final verdict: this is a cute top and fairly quick to make. the pattern is labeled “easy” but i don’t think “quick” and “easy” are necessarily interchangeable here. the neckline treatment requires a lot of precision to look nice, and the cap sleeve was a little challenging. also, if you’re on the low end of the size measurements, size down! there is plenty of ease since this blouse pattern isn’t intended to be fitted (finished measurements are stated on the pattern). but, if fitted is what you want, i would look elsewhere. i may use this pattern again for view B with the gathered peplum-type detail (that’s the view i bought the pattern for) but i’m not sure i need another bow blouse in my life. maybe i can come up with a different neckline treatment—scoop neck with a button placket? we shall see…

—lisa g.

lounge wear

lately, i’ve been lamenting the fact that i don’t have enough lounge-y clothes. fact is, as soon as dinner is over and the dishes done, i sprint for my comfy clothes! problem is, i don’t really have that many to pick from. i have some yoga pants that i’ve worn for ages and really need at least one other pair to switch off with, and any leggings i have are too thin to wear without bootay coverage. the problem with RTW yoga pants is that they are expensive, always too short, and made of horrid synthetics. and RTW leggings… well, too thin and hahaha as if they can make it over my bum!

i haven’t done the yoga pants yet (though i really want to try this maria denmark pattern), but i finally did make leggings. i ordered the most dreamy black modal/rayon/amazingness knit fabric from and holy moses, i wish i could pass a little swatch to each and every one of you this stuff is amazingly awesome! it’s super stretchy, matte, thick, and feels amazing! did i mention amazing? i used mccalls 6173 and went down a size from the recommended, and added 1″ to the back rise, grading to nothing toward the sides. from mid-thigh down, they were huge. granted, my fabric had far more stretchiness than called for, but i had to remove inches in width. i left the bum area alone (no need for the fabric there to be stretched to max capacity) then kept tapering in and tapering in… and finally i arrived at what you see here. i am pleased that this pattern sits high enough to cover both my rear and my mushy mommy bits (most leggings give me severe muffin top).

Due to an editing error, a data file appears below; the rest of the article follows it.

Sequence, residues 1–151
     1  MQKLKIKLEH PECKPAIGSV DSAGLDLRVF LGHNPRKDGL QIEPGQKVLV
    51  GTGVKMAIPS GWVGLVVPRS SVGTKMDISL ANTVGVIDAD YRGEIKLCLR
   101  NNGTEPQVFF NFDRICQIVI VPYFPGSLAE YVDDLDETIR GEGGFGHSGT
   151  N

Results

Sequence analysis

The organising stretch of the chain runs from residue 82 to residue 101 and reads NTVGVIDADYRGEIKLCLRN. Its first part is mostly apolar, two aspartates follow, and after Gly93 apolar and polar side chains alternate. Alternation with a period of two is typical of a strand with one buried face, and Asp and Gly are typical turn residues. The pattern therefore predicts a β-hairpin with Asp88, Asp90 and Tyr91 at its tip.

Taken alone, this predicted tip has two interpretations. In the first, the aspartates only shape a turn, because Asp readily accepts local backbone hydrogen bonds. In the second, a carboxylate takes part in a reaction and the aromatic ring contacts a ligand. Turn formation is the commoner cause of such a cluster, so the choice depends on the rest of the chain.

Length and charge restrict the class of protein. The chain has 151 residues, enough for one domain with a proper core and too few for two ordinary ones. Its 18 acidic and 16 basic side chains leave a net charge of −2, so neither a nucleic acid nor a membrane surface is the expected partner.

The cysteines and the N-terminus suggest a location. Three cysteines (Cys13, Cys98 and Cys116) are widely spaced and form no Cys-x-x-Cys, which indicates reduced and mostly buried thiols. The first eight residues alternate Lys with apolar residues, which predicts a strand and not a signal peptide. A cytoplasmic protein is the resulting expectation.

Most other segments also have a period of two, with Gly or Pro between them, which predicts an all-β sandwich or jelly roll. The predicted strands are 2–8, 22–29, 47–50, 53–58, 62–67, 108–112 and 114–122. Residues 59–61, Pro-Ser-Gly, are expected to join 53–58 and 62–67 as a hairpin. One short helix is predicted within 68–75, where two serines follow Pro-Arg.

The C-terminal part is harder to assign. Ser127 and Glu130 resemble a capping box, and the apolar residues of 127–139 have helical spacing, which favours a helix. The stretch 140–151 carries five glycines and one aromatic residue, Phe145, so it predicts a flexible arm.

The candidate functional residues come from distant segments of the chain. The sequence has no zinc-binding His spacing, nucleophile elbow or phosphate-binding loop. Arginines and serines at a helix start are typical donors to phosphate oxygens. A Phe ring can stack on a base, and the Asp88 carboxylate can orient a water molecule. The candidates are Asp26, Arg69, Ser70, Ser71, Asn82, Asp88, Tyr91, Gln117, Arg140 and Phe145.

photo quality is pretty meh, i know. it’s been cloudy and rainy and i gave up waiting for it all to clear out… classic new england weather!

i’m not really in the “leggings as pants” camp, but these cover and, since they’re black, hide the lumps and bumps pretty magically. i’m really looking forward to making some longer tees (hemlock i’m looking at you!) and tunic length shirts to pair with them. and dude. leggings are flipping FAST to make. one pass up each leg, join the legs, then for the waistband i serged 1″ elastic to the inside top SA, then flipped it down and zig zagged it in place along the lower edge of the elastic. had i not needed to go back and fiddle with the leg width, these would have been cut and finished within the hour.


oh hey, i also made my top! this is a sweatshirt-type knit, maybe a french terry? i really don’t know. it doesn’t have much stretch, so i took my dolman top from cation designs and added a total of 4″ in width, 1″ in length, and lowered the front neckline by 1″. my original pattern printed off-scale, so i can’t necessarily give you specifics, but you get the idea—i was aiming for a sweatshirt type top. i kept the hem band smaller to hug my hips, and did a narrow neckline binding. i made this one a few weeks ago and i’ve pretty much lived in it ever since!

after i cut this top out i started to doubt whether or not a short sleeve sweatshirt was going to be very useful, but it seems to be just the right weight for chilly evenings. plus, i’m constantly pushing up long sleeves, so this turns out to be extremely useful.


wow guys, i’m totally hooked on loungewear! hopefully i can make more of it, especially as fall comes around. with my current lack of interest in buying RTW, these are great pieces and near-instant gratification because they are so darned fast to sew!

—lisa g.

shorts and wrap top | mccalls 6689